Forgiveness and restoration is vital if the persons involved have repented. But restoration to the leadership role is not to be, according to the qualifications that God has listed. There are disqualified pastors in pulpits all over the country now, and it is doing nothing but harm to Christianity. Yes, going through something like that is hard, and a person can grow from it if they allow God to teach them. They can also help other people to see the error of going that way. But they cannot shepherd a flock correctly.

I know of churches where this has happened and the divorce rate in those churches has gone up, not down. Why? Because there is no real conviction to preaching against divorce if the man in the pulpit is divorced - regardless of the reason! You cannot do it.

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Ok, let's see...what I am reading thus far is that no one could be a pastor or a deacon. Because, after all, all sin is "un-biblical". And indeed that is even more true than in the case of divorce, because there are biblically acceptable reasons for divorce (Jesus mentions unfaithfulness), but there is no biblical excuse for sin. Therefore since sin sets a bad example, no one who sins would be qualified to be a pastor or a deacon. I think this is a question of degrees. On the one hand, we don't want to say that a person's past is out of bounds for consideration of any sort. But on the other hand, we don't want to make the primary basis of our evaluation of a pastor his ability to past a very strictly legalistic test. That will only ensure that the particular sins he has and is committing are well covered over. It will not ensure that he is a an able teacher of the Bible (the one essential reason we need him in the first place).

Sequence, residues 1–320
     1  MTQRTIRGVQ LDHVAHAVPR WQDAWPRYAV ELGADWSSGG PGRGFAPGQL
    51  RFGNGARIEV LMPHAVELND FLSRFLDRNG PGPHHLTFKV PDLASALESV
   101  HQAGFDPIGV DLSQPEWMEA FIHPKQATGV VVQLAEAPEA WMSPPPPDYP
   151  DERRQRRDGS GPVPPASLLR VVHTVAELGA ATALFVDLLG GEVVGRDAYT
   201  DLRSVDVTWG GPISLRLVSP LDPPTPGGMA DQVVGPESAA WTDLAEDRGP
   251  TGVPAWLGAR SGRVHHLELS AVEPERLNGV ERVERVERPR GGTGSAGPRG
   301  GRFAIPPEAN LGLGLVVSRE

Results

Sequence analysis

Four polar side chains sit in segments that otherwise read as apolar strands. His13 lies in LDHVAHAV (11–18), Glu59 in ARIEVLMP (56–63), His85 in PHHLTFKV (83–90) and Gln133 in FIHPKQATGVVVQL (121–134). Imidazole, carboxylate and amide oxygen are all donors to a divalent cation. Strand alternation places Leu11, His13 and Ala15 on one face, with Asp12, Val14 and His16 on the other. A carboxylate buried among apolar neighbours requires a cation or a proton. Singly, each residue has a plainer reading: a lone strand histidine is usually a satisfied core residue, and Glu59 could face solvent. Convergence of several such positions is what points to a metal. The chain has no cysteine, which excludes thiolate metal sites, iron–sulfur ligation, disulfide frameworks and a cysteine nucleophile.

Well, I have a similar objection to this one. This argument assumes that divorce is always wrong according to scripture, and also that divorce disqualifies a person from being in the ministry (which, as I pointed out before, is not anywhere in the Bible). According to this standard, we would apparently have eliminate Moses from ministry, for example, if we wanted to hew to this legalistic line. As to "preaching against divorce", in my view a pastor-teacher should "preach" what is in the Bible. He should help his flock understand precisely what is in the scripture on all subjects through the entire realm of doctrine and theology, and should certainly not get hung up on a few areas like love and marriage which titillate the audience but do not produce spiritual growth. "Preaching for/against" certain behaviors that have captured the attention of the pastor or the congregation or the society as a whole is, in my view, a terrible mistake. If a pastor-teacher follows this course, it will no doubt bring more people in (out interest, guilt, fireworks, etc.), but in the end these people are not going to be fed the Word of God - they are merely going to be entertained (much as polemical talk shows entertain rather than inform; the former is interesting, while the latter tends to bore people even though it is much better for them). This is a terrible waste under the best of conditions. On the doorstep of the Tribulation, it is a travesty for which I personally would shudder to have to answer for when I stand before our Lord on that great day of days.

Love,
Madeline